It’s important for you to bridge the mental gap between biblical examples, and what life looks like today. Make sure to explain what it looks like for a Christ-follower today to live out the principles of generosity that you will be preaching about.
If possible, include real-life testimonies of people who have grown in generosity and those who have been the recipients of it. This will certainly help bring your teaching to life.
2. Consider your congregation’s diversity.
The diversity of your testimonies and examples must match your congregation’s diversity and that of your community. It’ll be of little use if you choose illustrations that do not reflect the day-to-day lives of your people. Also, focus on socioeconomic diversity, so your congregation learns that generosity is something anyone can practice, regardless of income.
2. Offer regular small group studies related to generosity
Understanding generosity and having it settle into the hearts of your people and church is often a lengthy process. For some, it requires deep discussions around how principles and practices must change so that generosity is a priority rather than an after-thought.
This is why your church should offer regular small group studies related to generosity. Encourage your small groups to teach generosity at the same time church leaders are preaching it from the pulpit.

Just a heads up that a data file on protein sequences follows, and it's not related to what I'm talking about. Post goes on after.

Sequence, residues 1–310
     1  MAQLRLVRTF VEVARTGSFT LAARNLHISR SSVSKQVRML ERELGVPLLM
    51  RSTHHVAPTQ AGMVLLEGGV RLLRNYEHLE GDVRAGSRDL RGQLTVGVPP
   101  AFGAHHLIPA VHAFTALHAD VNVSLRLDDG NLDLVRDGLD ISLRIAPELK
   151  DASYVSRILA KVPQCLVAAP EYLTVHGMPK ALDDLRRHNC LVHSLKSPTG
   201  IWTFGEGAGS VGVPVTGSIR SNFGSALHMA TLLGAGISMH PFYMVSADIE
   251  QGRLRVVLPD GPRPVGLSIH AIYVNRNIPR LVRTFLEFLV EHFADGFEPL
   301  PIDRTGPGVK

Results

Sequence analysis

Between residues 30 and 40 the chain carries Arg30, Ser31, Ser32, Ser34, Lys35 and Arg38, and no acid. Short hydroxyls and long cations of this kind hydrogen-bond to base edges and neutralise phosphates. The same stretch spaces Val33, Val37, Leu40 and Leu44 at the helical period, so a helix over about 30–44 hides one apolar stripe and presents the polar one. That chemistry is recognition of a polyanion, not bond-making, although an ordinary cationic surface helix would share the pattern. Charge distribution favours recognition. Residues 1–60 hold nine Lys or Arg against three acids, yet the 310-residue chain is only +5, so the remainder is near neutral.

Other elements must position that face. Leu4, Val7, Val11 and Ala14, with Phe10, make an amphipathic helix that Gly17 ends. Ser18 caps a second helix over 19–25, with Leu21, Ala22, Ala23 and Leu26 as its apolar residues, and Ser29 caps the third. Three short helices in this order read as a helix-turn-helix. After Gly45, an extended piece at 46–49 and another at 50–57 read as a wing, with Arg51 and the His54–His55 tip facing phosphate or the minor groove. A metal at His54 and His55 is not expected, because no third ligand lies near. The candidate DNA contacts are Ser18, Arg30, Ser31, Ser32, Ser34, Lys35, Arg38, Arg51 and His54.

Something to keep in mind is the possibility of increased requests for counseling. People may come face to face with debt for the first time and will need to speak with long-time trained, generous church members who will provide financial counseling during your churchwide focus on generosity.Preaching on generosity may mean increased requests for counseling as people come face to face with debt for the first time. Ensure you have trained church members who will provide financial counseling. Click To Tweet
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3. Build generosity by making giving easy through technology
You’ve tackled the topics of generosity from the pulpit and you’ve encouraged your small groups to discuss it. At this point, your people may be feeling a little weathered.
As we know, technology makes managing our money far easier these days. We pay our bills, buy groceries, and make travel arrangements from our smartphones. So, why not make giving easier for your people by providing digital giving solutions? It’s a great idea to provide opportunities for your people to give quickly wherever (and whenever) God inspires them to do so.
TOP TIP FOR DIGITAL GIVING
Whatever digital giving solution you have, ensure you have a top-notch mobile option. Blend your digital options into your weekly “giving moment” at your church by telling and showing people how to give on their mobile devices during the worship service.
Innovative online giving ideas: 7 Ways To Increase Online Tithing For Churches
THE CORE OF BUILDING GENEROSITY
These three ways of making generosity part of your church’s DNA are part of a more extensive list. These are great places to start if you know your church needs to see its DNA change. As your people begin to discover the joy of giving, you’ll be able to embrace the future into which God has called your church.